Building a GNU ARM cross-compiler toolchain on Mac OS X

I’m start­ing a new embed­ded project with ARM7 proces­sor in March so I wanted to play around with the GNU ARM tool­chain. Basi­cally I’m inter­ested in doing cross devel­op­ment on my Mac­book Pro on Mac OS X, using a GCC cross com­piler together with Eclipse CDT. We’ll see if that works out. 😉

So as a first step, here is how I built a GNU ARM tool­chain on Mac OS X (this should be no dif­fer­ent than build­ing the tool­chain on Linux):

First down­load and unpack the nec­es­sary pack­ages: binu­tils, gcc, newlib and gdb.

$ mkdir ~/crossgcc && cd ~/crossgcc
$ wget
$ tar jxf binutils-2.18.50.tar.bz2
$ wget
$ tar jxf gcc-4.2.3.tar.bz2
$ wget
$ tar zxf newlib-1.16.0.tar.gz
$ wget
$ tar zxf gdb-6.6.tar.gz

The instal­la­tion direc­tory should be /usr/local/crossgcc.

$ sudo mkdir /usr/local/crossgcc
$ sudo chmod 777 /usr/local/crossgcc

First we build the binu­tils:

$ mkdir build-binutils && cd build-binutils
$ ../binutils-2.18.50/configure --target=arm-elf \
--prefix=/usr/local/crossgcc/ 2>&1 | tee configure.log
$ make all install 2>&1 | tee make.log
$ export PATH=$PATH:/usr/local/crossgcc/bin

Build the gcc com­piler with C/C++ sup­port:

$ cd ../gcc-4.2.3
$ ln -s ../newlib-1.16.0/newlib .
$ ln -s ../newlib-1.16.0/libgloss .
$ cd ..
$ mkdir build-gcc && cd build-gcc
$ ../gcc-4.2.3/configure --target=arm-elf \
--prefix=/usr/local/crossgcc/ --with-newlib \
--with-gnu-as --with-gnu-ld --enable-languages=c,c++ 2>&1 | tee configure.log
$ make all install 2>&1 | tee make.log

Build the gdb debug­ger:

$ cd ..
$ mkdir build-gdb && cd build-gdb
$ ../gdb-6.6/configure --target=arm-elf --prefix=/usr/local/crossgcc/
$ make all install 2>&1 | tee make.log

16 thoughts on “Building a GNU ARM cross-compiler toolchain on Mac OS X”

  1. Hi Dirk! Newlib is fine for eCos, but with Linux on the tar­get uClibc is bet­ter. Inter­est­ingly, cross-compiling GNU C++ for uClibc has a compile-time depen­dency for the library itself… so one is required to boot­strap the com­piler, start­ing with a plain C com­piler first. Just my two cents, Micha.

  2. Is there a dif­fer­ence between ARM7 and ARM9 Com­piler?
    I’m try­ing out var­i­ous builds for OLIMEX 9302 and TS-7250 boards, but none really works.
    What are your expe­ri­ences? Did you get a work­ing compiler?

    Kind Regards

  3. I’m try­ing this right now… had no suc­cess at all when com­pil­ing GCC (but I got binu­tils, gmp and mpfr) … hope your instruc­tions work!!

  4. Tuto­r­ial working.

    Note that wget is no longer avail­able under mac os X. (But you can still down­load it from mac ports)

  5. I am try­ing to install the ARM tool chain to Eclipse on a Linux machine. I guess down­load­ing and con­fig­ur­ing the ARM Tool­chain is the first thing I need to do.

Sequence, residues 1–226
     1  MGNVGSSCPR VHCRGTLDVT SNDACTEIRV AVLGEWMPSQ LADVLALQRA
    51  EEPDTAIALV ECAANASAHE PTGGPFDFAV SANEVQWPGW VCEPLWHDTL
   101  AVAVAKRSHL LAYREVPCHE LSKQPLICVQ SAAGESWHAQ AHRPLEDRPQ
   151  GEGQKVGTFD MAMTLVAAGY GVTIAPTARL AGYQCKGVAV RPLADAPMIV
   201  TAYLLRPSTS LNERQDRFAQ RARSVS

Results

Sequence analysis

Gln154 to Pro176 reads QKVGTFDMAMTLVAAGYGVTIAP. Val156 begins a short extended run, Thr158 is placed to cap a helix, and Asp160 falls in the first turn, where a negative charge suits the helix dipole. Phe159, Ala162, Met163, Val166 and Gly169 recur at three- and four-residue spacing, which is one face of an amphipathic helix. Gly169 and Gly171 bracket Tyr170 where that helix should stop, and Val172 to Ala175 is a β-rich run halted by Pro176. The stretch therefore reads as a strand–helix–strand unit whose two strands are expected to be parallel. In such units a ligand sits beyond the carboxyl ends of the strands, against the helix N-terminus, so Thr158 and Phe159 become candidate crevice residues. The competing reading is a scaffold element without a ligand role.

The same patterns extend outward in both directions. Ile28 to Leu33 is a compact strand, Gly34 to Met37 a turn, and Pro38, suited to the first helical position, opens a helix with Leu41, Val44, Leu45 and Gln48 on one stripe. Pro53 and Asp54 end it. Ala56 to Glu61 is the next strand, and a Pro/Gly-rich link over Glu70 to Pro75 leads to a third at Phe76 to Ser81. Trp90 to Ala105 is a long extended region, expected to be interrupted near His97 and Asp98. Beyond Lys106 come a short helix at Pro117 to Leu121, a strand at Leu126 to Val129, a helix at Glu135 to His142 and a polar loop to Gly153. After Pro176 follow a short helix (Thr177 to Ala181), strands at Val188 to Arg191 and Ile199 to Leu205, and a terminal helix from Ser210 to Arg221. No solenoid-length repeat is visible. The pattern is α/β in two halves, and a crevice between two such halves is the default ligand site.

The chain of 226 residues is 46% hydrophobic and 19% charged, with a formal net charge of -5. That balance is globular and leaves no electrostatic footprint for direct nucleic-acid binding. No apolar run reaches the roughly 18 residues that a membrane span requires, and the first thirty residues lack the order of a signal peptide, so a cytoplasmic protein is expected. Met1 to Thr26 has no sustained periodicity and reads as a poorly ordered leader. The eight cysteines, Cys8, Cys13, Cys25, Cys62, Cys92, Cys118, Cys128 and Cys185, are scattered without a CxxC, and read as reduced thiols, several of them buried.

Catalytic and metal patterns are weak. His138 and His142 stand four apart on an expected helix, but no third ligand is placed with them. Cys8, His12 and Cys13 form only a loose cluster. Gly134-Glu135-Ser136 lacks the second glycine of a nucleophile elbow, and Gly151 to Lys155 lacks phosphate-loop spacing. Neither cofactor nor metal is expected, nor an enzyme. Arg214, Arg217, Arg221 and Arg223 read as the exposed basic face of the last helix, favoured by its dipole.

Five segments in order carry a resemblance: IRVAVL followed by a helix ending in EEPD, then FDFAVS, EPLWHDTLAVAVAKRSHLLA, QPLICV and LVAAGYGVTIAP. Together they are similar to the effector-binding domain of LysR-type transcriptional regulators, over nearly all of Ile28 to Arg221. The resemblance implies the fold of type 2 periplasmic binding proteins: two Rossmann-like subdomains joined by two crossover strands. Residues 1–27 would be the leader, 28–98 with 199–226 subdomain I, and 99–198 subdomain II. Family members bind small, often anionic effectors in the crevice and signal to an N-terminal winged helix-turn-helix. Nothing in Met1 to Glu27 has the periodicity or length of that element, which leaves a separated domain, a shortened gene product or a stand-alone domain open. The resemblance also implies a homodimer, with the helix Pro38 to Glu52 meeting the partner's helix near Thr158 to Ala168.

How do I get the com­piled toochain into Eclipse??

  6. Hav­ing been through GMP+MPFR hell, I just have to say, this is a won­der­ful, sim­ple howto that builds the utils with­out prob­lems! Thank you for mak­ing life easy!

    I had *SO* much trou­ble get­ting things work­ing on Leopard/PPC, you wouldn’t believe it.

    For those who don’t know yet; instead of wget , you can use curl –O .
    –O switch means ‘keep the file­name’.
    When/if I got every­thing to work (hope­fully includ­ing some­thing that can trans­fer the code to the board), I’ll put it up on

  7. I suc­cess­fully built a tool­chain using these instruc­tions, but with the lat­est ver­sions of the util­i­ties: gcc-4.4.2, binutils-2.20.54, newlib-1.18.0 and gdb-7.1. Note that the lat­est ver­sions of GCC require GMP and MPFR to be installed, so I had to do this as well. I haven’t tested the com­piler out just yet as I don’t have a tar­get board to burn at the moment, but I have got­ten every­thing to com­pile and install on Snow Leop­ard (10.6).

  8. Just built a tool­chain using these instruc­tions with gcc-4.7.0, binutils-2.22, gdb 7.4.1, and newlib 1.20.0. A cou­ple minor changes:

    * GCC now requires gmp, mpfr, *and* libmpc, and option­ally ppl. I installed all of these using home­brew.
    * GCC now says the arm-elf tar­get is obso­lete, so I built for the arm-eabi tar­get. You can still build for the arm-elf tar­get with –enable-obsolete (or maybe –with-obsolete) though.

  9. Excel­lent guide. I man­aged to build the tool­chain ‚and even com­pile a lit­tle hi.cpp but when I run on the rasp­berry pi I get a Ille­gal Instruc­tion … :(

    Any point­ers ?

    I used arm-none-eabi as the target

    ../binutils-2.22/configure –target=${TARGET} –prefix=/usr/local/crossgcc/
    ../gcc-4.7.1/configure –target=${TARGET} –prefix=/usr/local/crossgcc/ –with-newlib –with-gnu-as –with-gnu-ld –enable-languages=c,c++

    I com­pile with:
    arm-none-eabi-g++ –o hi hi.cpp

    which gen­er­ates a file hi

    hi: ELF 32-bit LSB exe­cutable, ARM, ver­sion 1 (SYSV), sta­t­i­cally linked, not stripped

    How­ever if I com­pile directly on the rasp­berry pi I get:

    hi: ELF 32-bit LSB exe­cutable, ARM, ver­sion 1 (SYSV), dynam­i­cally linked (uses shared libs), for GNU/Linux 2.6.18, not stripped

    First time build­ing a cross com­piler tool­chain and actu­ally doing cross com­pi­la­tion, so my knowl­edge is pretty basic

    Here is the out­put when I run on the rap­berry pi

    Ille­gal instruction

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